Posted in Cross-Curricular Computing Links, KS1, KS2

Module 3: Children as developers and animators

The 3rd Pick ‘n’ Mix module focuses upon the information technology and digital literacy strand of the National Curriculum. It focuses in depth upon:

  • App making
  • Animation
  • School Radio
  • Immersive environments

blippitBLIPPIT is a tool in which children and teachers can create and publish apps. Blippit has a wide range of uses:

  • as self-contained projects in their own right
  • as part of a wider topic in the classroom
  • to engage reluctant writers
  • to personalise learning & promote children as independent learners
  • to help you as a teacher assess children’s knowledge and understanding

The apps can be created and once published, accessed by iPhones, smart phones, tablets and even on a web browser. In addition, the apps created only need to be approved by the teacher before they can be submitted for the world to see. A quick guide and tour of the programme can be accessed here.


Film Education is a charity organisation which supports and promotes the use of film within the curriculum and classroom. The web page details about getting started, tasks for pupils to complete and resources on animated film.

Stop Frame animation is a technique that can be used and adapted within the classroom to create short videos on a variety of topics. Oscar Stringer is an experienced stop frame animator and produced an ‘Animation Course for Teachers‘ resource which introduces the basic skills to get started alongside some project ideas. model animation

Another great video to show stop frame animation in action is ‘Making a model from clay‘. It quickly shows you how to create an animated video from modelling clay in a simple yet effective way.

I believe that animation is a brilliant skill to teach children. It will know only give the children chance to use their creative side but as projects can sometimes be quite big, it allows children to communicate ideas, collaborate and create as a group. Animation could be used in every curriculum area, ranging from a persuasive advert in English, explaining a concept in Maths and re-enacting a historic battle or past time within Topic lessons. In addition. children could be split into teams and each team creates an informative animation regarding an aspect of Viking life, different aspects of a contrasting culture/country or even book reviews.

There are many different resources that can be used to enhance the children’s digital literacy and information technology. These include Monkey Jam , Pivot Stickfigure and Stykz.

The possibilities for effective use of animation in the classroom are endless and therefore teachers should try and incorporate these were appropriate.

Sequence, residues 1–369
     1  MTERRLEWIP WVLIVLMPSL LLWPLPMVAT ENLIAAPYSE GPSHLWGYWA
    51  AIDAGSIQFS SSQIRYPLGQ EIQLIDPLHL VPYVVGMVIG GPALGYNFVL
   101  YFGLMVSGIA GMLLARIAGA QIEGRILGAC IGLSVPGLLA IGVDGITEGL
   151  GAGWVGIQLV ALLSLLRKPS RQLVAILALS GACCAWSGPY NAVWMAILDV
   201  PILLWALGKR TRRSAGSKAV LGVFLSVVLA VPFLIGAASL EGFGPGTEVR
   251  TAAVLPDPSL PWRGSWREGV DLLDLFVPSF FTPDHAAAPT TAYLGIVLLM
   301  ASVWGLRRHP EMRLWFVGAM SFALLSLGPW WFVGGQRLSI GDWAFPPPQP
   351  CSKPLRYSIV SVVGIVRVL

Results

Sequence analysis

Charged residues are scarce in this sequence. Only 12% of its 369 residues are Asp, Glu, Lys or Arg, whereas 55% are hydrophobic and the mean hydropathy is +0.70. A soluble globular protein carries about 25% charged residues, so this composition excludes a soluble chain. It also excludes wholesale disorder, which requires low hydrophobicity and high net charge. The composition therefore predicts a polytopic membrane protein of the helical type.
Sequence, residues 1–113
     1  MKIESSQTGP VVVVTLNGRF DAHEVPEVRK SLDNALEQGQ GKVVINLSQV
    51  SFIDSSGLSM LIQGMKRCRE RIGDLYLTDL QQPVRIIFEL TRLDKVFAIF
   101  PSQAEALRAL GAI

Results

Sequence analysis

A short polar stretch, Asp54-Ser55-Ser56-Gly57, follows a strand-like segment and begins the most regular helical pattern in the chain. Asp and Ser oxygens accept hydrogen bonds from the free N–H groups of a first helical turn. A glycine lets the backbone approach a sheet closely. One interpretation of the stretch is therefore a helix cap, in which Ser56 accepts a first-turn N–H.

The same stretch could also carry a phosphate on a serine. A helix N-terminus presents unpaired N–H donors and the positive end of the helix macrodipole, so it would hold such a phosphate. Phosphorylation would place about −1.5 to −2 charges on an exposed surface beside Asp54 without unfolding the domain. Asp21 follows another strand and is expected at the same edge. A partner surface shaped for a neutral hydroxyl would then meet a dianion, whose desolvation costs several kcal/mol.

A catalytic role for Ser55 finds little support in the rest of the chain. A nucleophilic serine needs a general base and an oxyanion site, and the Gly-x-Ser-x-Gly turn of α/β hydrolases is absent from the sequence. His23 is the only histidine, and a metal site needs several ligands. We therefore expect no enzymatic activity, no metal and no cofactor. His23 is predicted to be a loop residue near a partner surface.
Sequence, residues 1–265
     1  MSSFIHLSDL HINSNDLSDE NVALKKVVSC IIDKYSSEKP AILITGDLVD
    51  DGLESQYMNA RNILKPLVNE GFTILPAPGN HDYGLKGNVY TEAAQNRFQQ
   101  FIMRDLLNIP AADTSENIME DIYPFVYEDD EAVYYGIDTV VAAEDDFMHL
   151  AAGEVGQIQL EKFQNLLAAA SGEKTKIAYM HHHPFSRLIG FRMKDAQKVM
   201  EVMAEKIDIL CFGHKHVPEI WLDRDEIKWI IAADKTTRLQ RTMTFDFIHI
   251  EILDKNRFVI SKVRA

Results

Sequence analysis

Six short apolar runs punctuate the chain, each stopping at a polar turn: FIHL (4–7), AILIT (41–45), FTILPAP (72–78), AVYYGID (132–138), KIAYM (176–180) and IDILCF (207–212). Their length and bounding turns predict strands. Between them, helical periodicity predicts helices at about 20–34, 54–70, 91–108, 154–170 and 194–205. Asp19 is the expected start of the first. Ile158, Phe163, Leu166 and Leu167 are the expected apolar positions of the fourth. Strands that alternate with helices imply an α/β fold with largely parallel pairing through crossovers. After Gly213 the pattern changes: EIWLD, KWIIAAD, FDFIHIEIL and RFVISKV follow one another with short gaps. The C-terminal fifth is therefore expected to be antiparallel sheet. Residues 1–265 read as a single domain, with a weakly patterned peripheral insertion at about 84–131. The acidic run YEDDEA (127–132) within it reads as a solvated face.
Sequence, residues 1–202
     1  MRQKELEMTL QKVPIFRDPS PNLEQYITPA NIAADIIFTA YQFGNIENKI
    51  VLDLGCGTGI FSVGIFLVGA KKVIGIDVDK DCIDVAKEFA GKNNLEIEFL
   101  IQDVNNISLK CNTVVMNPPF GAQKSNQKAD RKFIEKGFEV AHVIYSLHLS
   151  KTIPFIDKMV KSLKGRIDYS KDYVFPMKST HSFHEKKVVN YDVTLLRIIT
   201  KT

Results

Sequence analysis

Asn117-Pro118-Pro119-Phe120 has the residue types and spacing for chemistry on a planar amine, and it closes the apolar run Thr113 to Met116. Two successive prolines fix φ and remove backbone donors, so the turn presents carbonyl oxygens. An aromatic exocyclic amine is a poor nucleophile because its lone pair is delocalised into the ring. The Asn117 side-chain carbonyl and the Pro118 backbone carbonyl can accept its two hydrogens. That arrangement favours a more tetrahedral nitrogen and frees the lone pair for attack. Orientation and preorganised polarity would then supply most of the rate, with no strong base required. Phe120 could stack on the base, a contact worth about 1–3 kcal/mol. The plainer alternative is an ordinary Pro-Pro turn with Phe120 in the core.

School radio is a great motivator for students to write for purpose within English. It gives children a contextual reason to plan, research, write, read, speak and listen. It may be a story for younger years or a podcast outlining important details about ancient Greeks for their peers. Teachers could also incorporate

AudacityAudacity is an app that can be used to record, rerecord and edit voice clips, particularly useful for school radio and podcasts. This would enable students to work individually or collaboratively whilst improving their digital literacy and information technology knowledge and understanding. Audioboom is another website which allows students to create and broadcast podcasts and school projects on a ‘school radio’.

Children could be split into teams and create podcasts about E-safety, informative talks and discussions about the decision made by characters in a book or furthermore, interview other staff and students at an event such as sports day or world book day. This would enhance the learning of students within English as well as developing skills they can use in later life. I believe a school or class radio would be invaluable to the learning of every student and that many students would thrive and prosper on such an exciting opportunity.


Many schools now have access to rooms known as immersion environment rooms. These rooms offer many opportunities to enhance learning and improve creative writing. Immersion rooms are where a projector projects moving images onto the walls around the room. These images could be space, world war 2, bonfire night, a forest etc giving the children chance to ‘immerse’ themselves within an environment they may not have had opportunity to visit or to give them an idea about what it was like. More recently, in newly built schools, rooms which have screens on every part of the all are built to facilitate the same effect as the projections.

An example of one type of immersion environment

I believe that these immersion environments would be beneficial to children of all ages to enhance and facilitate learning of specific topics. It would create an atmosphere in which students can generate plenty of ideas to take back to the classroom and even then incorporate back into immersion environments. For example, a projection of a soldier within world war 2 could be accompanied by a student composed and read aloud daily diary entry to bring about emotions and thoughts amongst other children.

Animation and developments using computing and in particular developing digital literacy and information technology skills can greatly enhance other curriculum subjects aiding in the overall individual development of children. I will use plenty of these ideas and techniques within my own teaching as I feel they will be of great value.

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